BEYOND THE NUMBERS
A New York Times editorial yesterday highlighted the importance of funding federal housing programs adequately, especially given the weak economy, high unemployment, and sharp recent increase in homelessness.
Unfortunately, Congress appears headed in the opposite direction.
The editorial states:
An increase in poverty and rising rents produced a spike in homelessness among families in recent years. With the economy still weak and 14 million people out of work, the situation is bound to get worse. . . . [T]he startling report to Congress issued by the Department of Housing and Urban Development last June found that the number of homeless families that have turned to shelters jumped by 20 percent, to 567,334 in 2010 from 473,541 in 2007.
Things would no doubt be considerably worse without the $1.5 billion homelessness prevention program that Congress passed as part of the American Recovery and Reinvestment Act. With that money, HUD helped to prevent more than a million people from becoming homeless. It provided them with short- and medium-term rental assistance, moving expenses and other services. It quickly re-housed those who landed in shelters. With most of that recovery money gone, it is important that Congress provide the $2.4 billion in homeless assistance funding that the administration has requested.
Census data showing a big increase in the number of families living doubled up with friends and relatives suggests that another wave of homelessness may be in the offing. With these clear needs, Congress must preserve and strengthen the programs that are aimed at helping the vulnerable. It should also direct more money into a program that builds and renovates affordable housing, which is in increasingly short supply.
Both the House and Senate, however, are proposing deep cuts in funding for low-income housing programs in HUD’s 2012 budget (see graph). For instance, both bills freeze homeless assistance funding at $1.9 billion, $470 million below the Administration’s request.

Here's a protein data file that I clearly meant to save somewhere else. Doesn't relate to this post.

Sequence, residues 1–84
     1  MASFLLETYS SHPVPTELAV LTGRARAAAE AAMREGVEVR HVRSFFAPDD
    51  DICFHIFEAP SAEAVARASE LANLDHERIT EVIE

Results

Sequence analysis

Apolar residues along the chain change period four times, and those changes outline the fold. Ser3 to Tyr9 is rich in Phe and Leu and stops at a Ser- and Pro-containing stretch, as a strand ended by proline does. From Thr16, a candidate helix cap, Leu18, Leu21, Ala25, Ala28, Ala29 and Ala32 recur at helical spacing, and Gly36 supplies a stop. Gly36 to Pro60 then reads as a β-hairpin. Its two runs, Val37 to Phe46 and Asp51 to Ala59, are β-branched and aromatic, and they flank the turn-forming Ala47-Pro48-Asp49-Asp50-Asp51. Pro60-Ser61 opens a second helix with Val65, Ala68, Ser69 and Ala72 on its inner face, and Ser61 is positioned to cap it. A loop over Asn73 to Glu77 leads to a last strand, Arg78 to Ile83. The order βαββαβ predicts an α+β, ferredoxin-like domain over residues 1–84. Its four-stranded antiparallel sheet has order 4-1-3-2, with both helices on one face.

Moreover, as we have explained, neither bill provides enough funding to prevent significant cuts in the number of families receiving aid from HUD’s major rental assistance programs, despite their proven effectiveness in reducing family homelessness.
Specifically, the bills:
- Fail to renew Housing Choice vouchers for 25,000 to 40,000 low-income households. The loss of assistance would typically double or triple these families’ monthly housing costs, placing many at risk of becoming homeless.
- Provide far too little capital funding for public housing, exposing low-income families to deteriorating or even hazardous living conditions and accelerating the loss of units available to low-income families. Already, more than 165,000 public housing units have been demolished or otherwise lost since 1995 and not replaced with new public housing.
In short, both bills put a disproportionate burden of deficit reduction on the people who rely on federal housing assistance to remain in their homes.
Congress should, at a minimum, provide the resources required to continue rental assistance for the number of low-income families that now receive it.